Review: Spider-Man: Turn Off the Dark
Julie Taymor's rock-comix creation goes splat.
Fri Feb 11 2011
Photograph: Jacob Cohl
Time Out Ratings :<strong>Rating: </strong>1/5
By now, everything that could be said about Spider-Man: Turn Off the Dark seems to have been said: in magazines, tweets, blog posts and Facebook threads; in lobbies during intermission; around the water cooler; in late-night-TV monologues and radio reports; and between folks who have seen it and those who have not (but act like they have). Then there are the "premature" reviews that hit five weeks before the production's latest postponed opening date. Several critics filed disgusted, hooting notices, eager to stomp all over Julie Taymor, Bono and the Edge's $65 million work-in-regress. So the final word has been uttered, right? Spider-Man is colossally excremental. Worst show in Broadway history. Unfixable. Unwatchable. Obscene waste of money and sad squandering of talent. But here's the thing that hasn't been said: What if...?
Yes, the naive, elliptical interrogative that keeps hope alive in the breast of comix fans and theater folk alike. What if Julie Taymor, the woman responsible for this sorry mess, reads the reviews, makes some cuts and rewrites, trims the show to 90 minutes and, on March 15, opens a much-improved product that critics (should they return) might almost like?
I know: You might as well expect Doctor Octopus to open a nail salon. If Taymor were receptive to serious creative input, Spider-Man would not have become the overbudget vanity project it is. Having seen the show twice—once with Reeve Carney playing Peter Parker/Spider-Man and once with his understudy (Matthew James Thomas), and both times sitting through technical malfunctions—I have concluded that although Spider-Man is ready to be reviewed, it's not worth reviewing.
That's because the majority of theater critics—myself included—have no interest in a show like this. It's not aimed at us. It's built for families or tourists, people with money to burn who don't care about narrative coherence, innovative music or thematic complexity. In effect, Spider-Man is a crummy, pandering kids' musical pretending to be a new form of entertainment—a "circus rock drama," as Taymor claims with Barnum-level swagger. Why invite the press at all?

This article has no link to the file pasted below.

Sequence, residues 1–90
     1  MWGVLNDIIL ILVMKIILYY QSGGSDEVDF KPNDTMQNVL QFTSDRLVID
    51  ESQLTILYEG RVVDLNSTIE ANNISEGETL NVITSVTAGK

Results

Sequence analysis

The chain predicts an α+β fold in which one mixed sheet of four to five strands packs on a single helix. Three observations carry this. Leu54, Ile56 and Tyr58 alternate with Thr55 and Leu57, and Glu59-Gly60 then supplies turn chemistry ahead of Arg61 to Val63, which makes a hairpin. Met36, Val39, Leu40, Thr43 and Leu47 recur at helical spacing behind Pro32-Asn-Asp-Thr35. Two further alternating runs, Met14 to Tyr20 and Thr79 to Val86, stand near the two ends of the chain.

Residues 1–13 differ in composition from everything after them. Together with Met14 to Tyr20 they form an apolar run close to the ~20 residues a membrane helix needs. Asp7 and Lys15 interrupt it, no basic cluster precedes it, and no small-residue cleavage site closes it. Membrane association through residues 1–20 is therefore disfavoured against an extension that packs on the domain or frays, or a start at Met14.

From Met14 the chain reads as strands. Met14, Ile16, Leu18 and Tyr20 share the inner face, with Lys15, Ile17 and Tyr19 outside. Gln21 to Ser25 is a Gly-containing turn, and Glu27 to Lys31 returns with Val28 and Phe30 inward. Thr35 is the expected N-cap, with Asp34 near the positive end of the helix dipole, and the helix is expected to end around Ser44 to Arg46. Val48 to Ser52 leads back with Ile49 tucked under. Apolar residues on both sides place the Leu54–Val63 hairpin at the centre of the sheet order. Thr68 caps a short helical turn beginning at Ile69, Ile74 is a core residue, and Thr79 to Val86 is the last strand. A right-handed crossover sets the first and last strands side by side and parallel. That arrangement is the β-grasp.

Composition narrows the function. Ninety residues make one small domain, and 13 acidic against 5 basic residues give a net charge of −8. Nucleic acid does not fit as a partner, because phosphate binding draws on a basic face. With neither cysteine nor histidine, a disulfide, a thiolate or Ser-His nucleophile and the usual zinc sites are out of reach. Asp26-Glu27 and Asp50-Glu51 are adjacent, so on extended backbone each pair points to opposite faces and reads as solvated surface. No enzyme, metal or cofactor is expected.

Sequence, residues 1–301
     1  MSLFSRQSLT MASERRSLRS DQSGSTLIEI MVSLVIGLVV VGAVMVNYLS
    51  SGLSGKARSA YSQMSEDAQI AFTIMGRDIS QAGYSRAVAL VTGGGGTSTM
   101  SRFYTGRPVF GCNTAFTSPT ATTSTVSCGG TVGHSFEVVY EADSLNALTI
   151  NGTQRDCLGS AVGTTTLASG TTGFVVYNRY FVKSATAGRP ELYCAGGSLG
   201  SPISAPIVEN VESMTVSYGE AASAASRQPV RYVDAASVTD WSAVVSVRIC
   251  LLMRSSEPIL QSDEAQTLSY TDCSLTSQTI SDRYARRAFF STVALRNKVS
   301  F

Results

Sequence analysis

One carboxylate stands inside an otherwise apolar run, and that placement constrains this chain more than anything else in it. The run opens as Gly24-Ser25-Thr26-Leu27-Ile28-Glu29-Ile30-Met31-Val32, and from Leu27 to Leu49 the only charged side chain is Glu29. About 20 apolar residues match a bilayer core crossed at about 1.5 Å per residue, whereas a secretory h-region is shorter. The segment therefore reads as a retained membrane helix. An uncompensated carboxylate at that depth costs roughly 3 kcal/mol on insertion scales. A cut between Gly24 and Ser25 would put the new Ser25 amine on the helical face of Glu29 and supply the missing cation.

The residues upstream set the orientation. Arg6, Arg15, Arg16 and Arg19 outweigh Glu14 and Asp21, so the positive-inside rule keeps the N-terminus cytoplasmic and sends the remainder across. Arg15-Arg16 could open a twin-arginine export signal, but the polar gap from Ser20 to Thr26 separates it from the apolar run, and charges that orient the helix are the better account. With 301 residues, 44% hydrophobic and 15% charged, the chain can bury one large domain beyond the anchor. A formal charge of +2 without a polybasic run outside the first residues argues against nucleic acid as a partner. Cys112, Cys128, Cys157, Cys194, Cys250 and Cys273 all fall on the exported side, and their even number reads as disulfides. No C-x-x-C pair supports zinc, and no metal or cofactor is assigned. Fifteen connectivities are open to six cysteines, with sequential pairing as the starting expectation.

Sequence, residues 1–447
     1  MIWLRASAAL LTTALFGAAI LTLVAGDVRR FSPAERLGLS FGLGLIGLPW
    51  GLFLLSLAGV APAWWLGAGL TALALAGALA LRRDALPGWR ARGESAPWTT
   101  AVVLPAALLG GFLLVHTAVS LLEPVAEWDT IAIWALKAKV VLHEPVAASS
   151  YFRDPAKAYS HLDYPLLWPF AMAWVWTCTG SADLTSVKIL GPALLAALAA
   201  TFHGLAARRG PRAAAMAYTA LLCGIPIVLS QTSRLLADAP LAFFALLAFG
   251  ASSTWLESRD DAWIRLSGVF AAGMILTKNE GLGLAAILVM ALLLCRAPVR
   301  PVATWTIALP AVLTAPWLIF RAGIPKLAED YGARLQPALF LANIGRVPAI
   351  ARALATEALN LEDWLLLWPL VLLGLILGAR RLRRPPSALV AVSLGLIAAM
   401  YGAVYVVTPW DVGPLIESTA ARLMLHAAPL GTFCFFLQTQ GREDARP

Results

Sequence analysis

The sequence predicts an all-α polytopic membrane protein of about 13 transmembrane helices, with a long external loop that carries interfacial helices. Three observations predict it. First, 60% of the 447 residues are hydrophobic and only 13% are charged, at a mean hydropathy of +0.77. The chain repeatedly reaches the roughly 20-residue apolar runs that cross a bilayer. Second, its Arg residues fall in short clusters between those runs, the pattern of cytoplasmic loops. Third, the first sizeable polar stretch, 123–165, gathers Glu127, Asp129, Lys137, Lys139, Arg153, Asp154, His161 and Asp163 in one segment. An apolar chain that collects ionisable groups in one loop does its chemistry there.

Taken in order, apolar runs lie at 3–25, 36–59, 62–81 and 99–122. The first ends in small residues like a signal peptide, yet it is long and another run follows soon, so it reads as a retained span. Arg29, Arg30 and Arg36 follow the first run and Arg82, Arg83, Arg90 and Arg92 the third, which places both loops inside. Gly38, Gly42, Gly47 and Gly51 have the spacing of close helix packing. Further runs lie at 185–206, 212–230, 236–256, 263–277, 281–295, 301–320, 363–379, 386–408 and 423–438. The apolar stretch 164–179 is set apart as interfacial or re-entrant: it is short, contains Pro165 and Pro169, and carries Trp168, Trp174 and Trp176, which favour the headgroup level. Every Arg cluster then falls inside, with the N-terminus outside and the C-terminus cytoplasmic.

Other critics have already enumerated the work's various inanities and shortcomings, but let's recap: The U2-flavored music is banal and repetitive; the book is lame, clunky and frequently incoherent; the flying sequences are underwhelming; and the attitude toward the source material is weirdly sloppy and tone-deaf.
Taymor's biggest misstep is the conceit that permits her to deconstruct and mock the original Marvel mythos: She frames the story as a Ritalin-addled free-association by a group of teens called the "Geek Chorus" (yes, that is the level of wit here). One geek-girl interrupts her male buddies' chatter with the Greek myth of Arachne (T.V. Carpio) and splices it into the Marvel story. Arachne has an implicit connection to the genetically modified (not radioactive) spider that bites Peter Parker (Carney); Arachne gives Peter his iconic red-and-blue tights; and, naturally, she falls for her creation. In other words, Taymor turns the story of a dorky teen who becomes the city's most beloved masked crime fighter into a parable about a misunderstood female artist who must sacrifice her love for the sake of society. Or something. This cornball-feminist spin essentially makes Spider-Man a wildly expensive piece of slash fiction. (True, it worked for Wicked.)
Playing around with continuity is fine; Marvel's writers, artists and screenwriters do it all the time. What's remarkable is the hostility you feel toward comix and fanboys—not to mention the girls who love fanboys. Peter is a personality-free nerd who becomes a superpowered cipher and Mary Jane Watson (Jennifer Damiano) is just a weak, passive girl who wants to be a musical-theater actor.
One of the saddest things about Spider-Man, in fact, is how dehumanized and humorless the whole affair feels. One thinks of the goofy but cheerful insults that the web-slinger usually lobs at his enemies in the middle of huge fights; there's an attempt to inject one-liners here and there, but they don't land or prompt a giggle. Villains are usually good for campy fun, but none of Patrick Page's strenuous mugging and vocal contortions as Norman Osborn (later the Green Goblin) yield any relief from the nonsensical, tin-eared book.
Taymor's visual palette is postmodern in the most showy, outdated way, with images echoing Bread & Puppet, Dick Tracy, her own Balinese borrowings, and an unending series of cartoony, forced-perspective sets that blend two- and three-dimensional illustrative views. While these visual (and flying) effects can appear briefly grand from center orchestra, they're much less impressive (if not downright confusing) from house left or right. Taymor seems to have directed the whole thing from the center, never realizing that a lateral view of the action registers much more poorly. Spider-Man may be worth $75 from the front, but not much from the side.
So the production is a deeply confused, ugly, ultimately boring example of artistic hubris enabled by financial excess. If Taymor takes the savage but honest reviews to heart, she could save the damsel in distress. But right now, Spider-Man is a theme-park ride that lost its theme.
Foxwoods Theater (see Broadway). Music and lyrics by Bono and the Edge. Book by Julie Taymor and Glen Berger. Dir. Taymor. With Reeve Carney, Jennifer Damiano, T.V. Carpio, Patrick Page. 2hrs 45mins. One intermission (barring technical glitches).